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'command' is executed before 'entrypoint' is executed

my docker-compose.yml

      context: .
    restart: always
    entrypoint: /opt/app/
    command: celery --config=app.celeryconfig -A app.celery_run.celery worker --loglevel=info --concurrency=5
      - .:/opt/app    
      - .env
      - FLASK_APP=app
      - FLASK_ENV=development
      - CELERY_BROKER=redis://redis:6379/0
      - CELERY_BACKEND=redis://redis:6379/0
      - redis
      - db

the ‘entrypoint’ contains the git clone which takes about 1 minute, but celery in ‘command’ starts without waiting for execution

how to fix this?


What is in your entrypoint script?

Because the command is arguments to the entrypoint script.

So what you’re doing is:

/opt/app/ celery --config=app.celeryconfig -A app.celery_run.celery worker --loglevel=info --concurrency=5
1 Like

my entrypoint script


if [ "$DATABASE" = "postgres" ]
    echo "Waiting for postgres..."

    while ! nc -z db 5432; do
      sleep 0.1

    echo "PostgreSQL started"

if [ ! -d "/opt/app/thirdparty" ]
  mkdir /opt/app/thirdparty

if [ ! -d "/opt/app/tmp" ]
  mkdir -p /opt/app/tmp/exports \
  /opt/app/tmp/screenshots/thumbnails \

if [ ! -d "/opt/app/thirdparty/EyeWitness" ]
  	echo "Cloning EyeWitness"
  	git clone /opt/app/thirdparty/EyeWitness

exec "$@"

I belive its because, when run this way git clone starts a sub process to download the files, and then exits the main process, and therefor runs your exec immediately, not sure how to fix it though.

thanks for the answer
I will think about it

Is “this way” related to running it from Docker Compose?

On a Mac without using Compose, a basic script running the following certainly waits for git clone to be done before running echo done:

echo start
git clone
echo done

@fz11 just to be sure: you know for sure that the clone is started and still running?

I belive when you run it non-interactive, fx. if you add that script to cron, i dont think you will the same result.
But i can also be wrong! :smiley:

check docker-compose logs -f

Are you sure this script you shared is what you use? Because it couldn’t work

if [ ! -d "/opt/app/tmp" ]
  mkdir -p /opt/app/tmp/exports \
  /opt/app/tmp/screenshots/thumbnails \

There is a backslash escaping the newline before closing the “if” with “fi” and there is no “;” so it is a syntax error.

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sooo…it works fine.
why couldn’t you do it? are you sure you are using *nix like systems?

I will pretend I didn’t read it :slight_smile:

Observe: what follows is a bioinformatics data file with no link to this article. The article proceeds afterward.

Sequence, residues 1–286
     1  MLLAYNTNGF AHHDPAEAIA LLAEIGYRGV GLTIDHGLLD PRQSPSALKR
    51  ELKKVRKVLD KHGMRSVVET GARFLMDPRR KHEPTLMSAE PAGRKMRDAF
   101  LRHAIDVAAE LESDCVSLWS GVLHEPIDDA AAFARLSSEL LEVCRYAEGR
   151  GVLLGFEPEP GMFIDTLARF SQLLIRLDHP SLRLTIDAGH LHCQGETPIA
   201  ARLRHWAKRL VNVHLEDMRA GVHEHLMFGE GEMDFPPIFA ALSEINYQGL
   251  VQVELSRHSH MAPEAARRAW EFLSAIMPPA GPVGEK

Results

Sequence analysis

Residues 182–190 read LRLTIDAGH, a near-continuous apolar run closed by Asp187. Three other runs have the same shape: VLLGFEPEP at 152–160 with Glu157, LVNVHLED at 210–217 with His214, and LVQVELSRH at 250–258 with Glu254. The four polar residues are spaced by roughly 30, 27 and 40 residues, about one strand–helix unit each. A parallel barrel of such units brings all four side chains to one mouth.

This is how bash works. You can use multiline commands and in a Dockerfile you usually have to (there are other alternatives), but then you have to make sure it would be syntactically correct if you wrote it in one line. Let’s see, how that escaped part of the IF statement looks like in one line:

if [ ! -d "/opt/app/tmp" ]
  mkdir -p /opt/app/tmp/exports /opt/app/tmp/screenshots/thumbnails fi

This way bash sees “fi” as an other parameter for “mkdir”.

If the entrypoint works for you, than you either use another script or you have a space after the last backslash so it does not escape the newline, but the space. The problem is I don’t see space after that backslash here in the inserted code block (I tried to select the text to highlight it).

I didn’t copy this code, I just wrote it here, ignore spaces and so on))

Then it is not your entrypoint. So there could be an & character somewhere after git clone so it runs in the background. This is why sharing the exact code is important. Or at least telling what part of the script is improvised and what part is not. Then we can’t tell for sure what is wrong, but we can guess. One character could change everything.

1 Like

appart of the sytax error that @rimelek pointed out, it should work. I do have entrypoint scripts that git pull repositories to keep them updated → it works like a charm. I would be surprised if git clone would be any different.

Overall, cloning a project appears like something you would rather want to do in your Dockerfile. The same is true for the folder creation. The only thing I would keep in the entrypoint script is the database availability check and of course the final exec "$@" command. Though, in case of postgres, you might be better off using pg_isready.